Staff: the major asset of a health serviceBMJ 1999; 318 doi: https://doi.org/10.1136/bmj.318.7185.0 (Published 13 March 1999) Cite this as: BMJ 1999;318:0
What's the most important asset of a health service? Its hospitals, knowledge, equipment, plans? No, clearly its staff. The same is true of most businesses, but health services (certainly Britain's National Health Service) tend not to be good with their “human resource” policies. Just as patients are expected to be grateful, so staff must “soldier on.” This week's journal offers several insights into health service staff.
Aitken and others have produced data on how many operations surgical trainees in the NHS perform without supervision (p 702). The results are disturbing. Consultants supervised only a fifth of elective bowel resections performed by trainees and were present at less than two thirds of all the operations. The figures for emergency operations were worse. This is bad for patients as the outcome of operations clearly relates to the experience of surgeons. It's also bad for trainees obliged sometimes to operate beyond their competence. “The practice,” writes Charles Collins in an editorial (p 682), “is unsustainable, and doctors and managers must organise to enable more work to be done by consultants.”
Meanwhile, the NHS may be about to make 350 fully trained obstetricians and gynaecologists redundant because it can‘t find jobs for them (p 688). Medical manpower planning is “shambolic,” says Ian Bogle, chairman of the council of the BMA. It's the same sort of centralised planning that led the Red Army to have too many left boots, but the lag time is much longer: obstetricians and gynaecologists cannot quickly be turned into psycho geriatricians.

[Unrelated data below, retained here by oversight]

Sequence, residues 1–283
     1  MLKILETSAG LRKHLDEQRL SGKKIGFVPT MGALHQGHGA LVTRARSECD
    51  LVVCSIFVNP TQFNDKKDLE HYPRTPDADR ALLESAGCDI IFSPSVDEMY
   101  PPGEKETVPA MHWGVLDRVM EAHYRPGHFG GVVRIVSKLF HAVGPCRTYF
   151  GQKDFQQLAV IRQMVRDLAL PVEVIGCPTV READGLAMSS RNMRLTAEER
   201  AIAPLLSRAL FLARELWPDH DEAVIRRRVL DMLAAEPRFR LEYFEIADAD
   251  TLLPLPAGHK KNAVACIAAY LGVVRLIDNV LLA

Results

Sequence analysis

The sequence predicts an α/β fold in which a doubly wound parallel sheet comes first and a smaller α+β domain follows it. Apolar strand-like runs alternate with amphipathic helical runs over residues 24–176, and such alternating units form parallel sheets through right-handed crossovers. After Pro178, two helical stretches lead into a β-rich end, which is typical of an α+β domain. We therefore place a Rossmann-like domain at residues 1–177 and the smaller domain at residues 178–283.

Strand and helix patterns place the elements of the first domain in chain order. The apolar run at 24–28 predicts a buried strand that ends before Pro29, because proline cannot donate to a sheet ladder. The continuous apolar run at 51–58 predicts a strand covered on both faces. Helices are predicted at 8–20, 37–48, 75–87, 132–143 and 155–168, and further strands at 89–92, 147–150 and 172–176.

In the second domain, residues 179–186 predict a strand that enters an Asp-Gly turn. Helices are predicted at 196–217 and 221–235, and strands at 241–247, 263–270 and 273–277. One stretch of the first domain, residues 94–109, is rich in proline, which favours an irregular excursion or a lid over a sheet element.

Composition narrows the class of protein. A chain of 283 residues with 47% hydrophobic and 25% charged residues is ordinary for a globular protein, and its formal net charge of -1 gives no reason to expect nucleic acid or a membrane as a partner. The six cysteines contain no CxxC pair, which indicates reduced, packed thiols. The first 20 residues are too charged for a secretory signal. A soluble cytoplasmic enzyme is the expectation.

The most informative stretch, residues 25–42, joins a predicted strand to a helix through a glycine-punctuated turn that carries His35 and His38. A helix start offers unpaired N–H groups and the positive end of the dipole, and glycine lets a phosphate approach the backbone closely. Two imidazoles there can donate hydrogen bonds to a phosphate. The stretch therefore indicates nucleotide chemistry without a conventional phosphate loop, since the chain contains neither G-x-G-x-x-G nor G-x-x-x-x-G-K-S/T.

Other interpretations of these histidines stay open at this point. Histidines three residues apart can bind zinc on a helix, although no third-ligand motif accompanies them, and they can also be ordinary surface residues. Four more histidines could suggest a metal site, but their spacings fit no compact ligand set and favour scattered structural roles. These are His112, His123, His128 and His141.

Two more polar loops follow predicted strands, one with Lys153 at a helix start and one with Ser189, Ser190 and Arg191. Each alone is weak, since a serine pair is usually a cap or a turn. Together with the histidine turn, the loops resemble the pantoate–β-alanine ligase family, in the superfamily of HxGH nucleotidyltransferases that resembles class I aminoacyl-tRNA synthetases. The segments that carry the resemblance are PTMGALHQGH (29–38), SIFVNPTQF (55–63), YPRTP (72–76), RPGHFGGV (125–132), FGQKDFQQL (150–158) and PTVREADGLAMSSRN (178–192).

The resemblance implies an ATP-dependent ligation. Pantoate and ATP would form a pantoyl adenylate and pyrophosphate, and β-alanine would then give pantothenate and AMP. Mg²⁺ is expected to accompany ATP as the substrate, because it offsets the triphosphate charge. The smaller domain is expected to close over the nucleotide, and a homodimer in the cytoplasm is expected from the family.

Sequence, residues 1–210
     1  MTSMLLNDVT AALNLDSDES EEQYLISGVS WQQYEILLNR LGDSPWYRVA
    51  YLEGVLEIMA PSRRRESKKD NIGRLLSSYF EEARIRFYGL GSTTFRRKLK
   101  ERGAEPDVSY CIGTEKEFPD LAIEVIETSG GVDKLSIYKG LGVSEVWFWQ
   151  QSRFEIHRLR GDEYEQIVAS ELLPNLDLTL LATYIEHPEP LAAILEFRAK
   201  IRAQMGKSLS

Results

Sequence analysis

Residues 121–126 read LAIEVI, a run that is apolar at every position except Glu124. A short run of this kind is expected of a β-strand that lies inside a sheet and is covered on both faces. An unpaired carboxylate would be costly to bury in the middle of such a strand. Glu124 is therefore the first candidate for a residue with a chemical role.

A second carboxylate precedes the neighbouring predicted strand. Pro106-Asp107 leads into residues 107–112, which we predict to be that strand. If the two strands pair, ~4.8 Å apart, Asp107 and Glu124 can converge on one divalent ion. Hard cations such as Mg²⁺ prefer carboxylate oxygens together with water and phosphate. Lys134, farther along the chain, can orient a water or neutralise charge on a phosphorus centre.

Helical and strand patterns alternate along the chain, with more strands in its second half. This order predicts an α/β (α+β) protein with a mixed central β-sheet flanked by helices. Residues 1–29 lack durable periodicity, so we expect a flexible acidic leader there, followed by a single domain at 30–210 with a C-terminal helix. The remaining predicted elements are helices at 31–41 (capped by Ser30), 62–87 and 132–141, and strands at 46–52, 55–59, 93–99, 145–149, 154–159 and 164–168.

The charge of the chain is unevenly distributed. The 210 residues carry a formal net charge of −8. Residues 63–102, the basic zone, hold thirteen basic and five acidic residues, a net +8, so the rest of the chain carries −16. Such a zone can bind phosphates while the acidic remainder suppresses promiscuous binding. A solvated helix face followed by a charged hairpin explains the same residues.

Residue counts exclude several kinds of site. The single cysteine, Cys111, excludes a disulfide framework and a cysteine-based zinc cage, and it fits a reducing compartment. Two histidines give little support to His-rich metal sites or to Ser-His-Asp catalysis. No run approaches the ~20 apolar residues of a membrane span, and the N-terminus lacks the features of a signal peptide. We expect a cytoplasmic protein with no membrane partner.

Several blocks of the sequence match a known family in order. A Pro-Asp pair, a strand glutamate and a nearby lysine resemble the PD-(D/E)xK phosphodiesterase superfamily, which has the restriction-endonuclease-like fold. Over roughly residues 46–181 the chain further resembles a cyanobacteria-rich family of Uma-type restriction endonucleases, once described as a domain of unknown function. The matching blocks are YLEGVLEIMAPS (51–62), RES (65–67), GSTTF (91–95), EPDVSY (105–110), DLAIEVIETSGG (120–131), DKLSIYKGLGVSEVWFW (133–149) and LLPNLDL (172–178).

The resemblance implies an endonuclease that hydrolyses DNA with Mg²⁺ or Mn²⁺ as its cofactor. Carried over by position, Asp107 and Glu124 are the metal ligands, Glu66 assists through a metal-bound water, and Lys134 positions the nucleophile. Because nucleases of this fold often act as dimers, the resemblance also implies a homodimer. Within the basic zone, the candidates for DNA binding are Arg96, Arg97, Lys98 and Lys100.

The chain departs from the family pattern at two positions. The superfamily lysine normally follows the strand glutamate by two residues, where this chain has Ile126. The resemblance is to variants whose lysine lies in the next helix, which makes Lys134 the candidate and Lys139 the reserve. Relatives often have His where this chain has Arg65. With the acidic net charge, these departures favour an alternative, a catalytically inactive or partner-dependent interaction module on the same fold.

Experienced nurses are the staff in shortest supply in the NHS at the moment, and the government is frantically trying to tempt them back. An editorial explores the contribution of clinical nurse specialists, who now “lead services, admit and discharge patients, make autonomous clinical decisions, and organise programmes of care” (p 683). The authors, one a professor of general practice, observe that evidence of their effectiveness is limited and that randomised controlled trials are few. I can‘t help but note that randomised controlled trials of the effectiveness of professors of general practice—or, come to that, ministers of health or journal editors—are non-existent. By their evaluation, so shall you know them.
With excitement we begin today an ABC of labour care (well timed, you note, to follow our ABC of sex) (p 721) and introduce a new book from Samuel Shem, author of House of God (p 743). “Errol,” writes Shem, “addressed but one thing: drugs. If his patients wanted to talk diagnosis, he talked drugs. If they wanted to talk symptoms, he talked drugs. Stress? Drugs. Suffering? Drugs. Family problems? Drugs. Job? Drugs.” Ring a bell?
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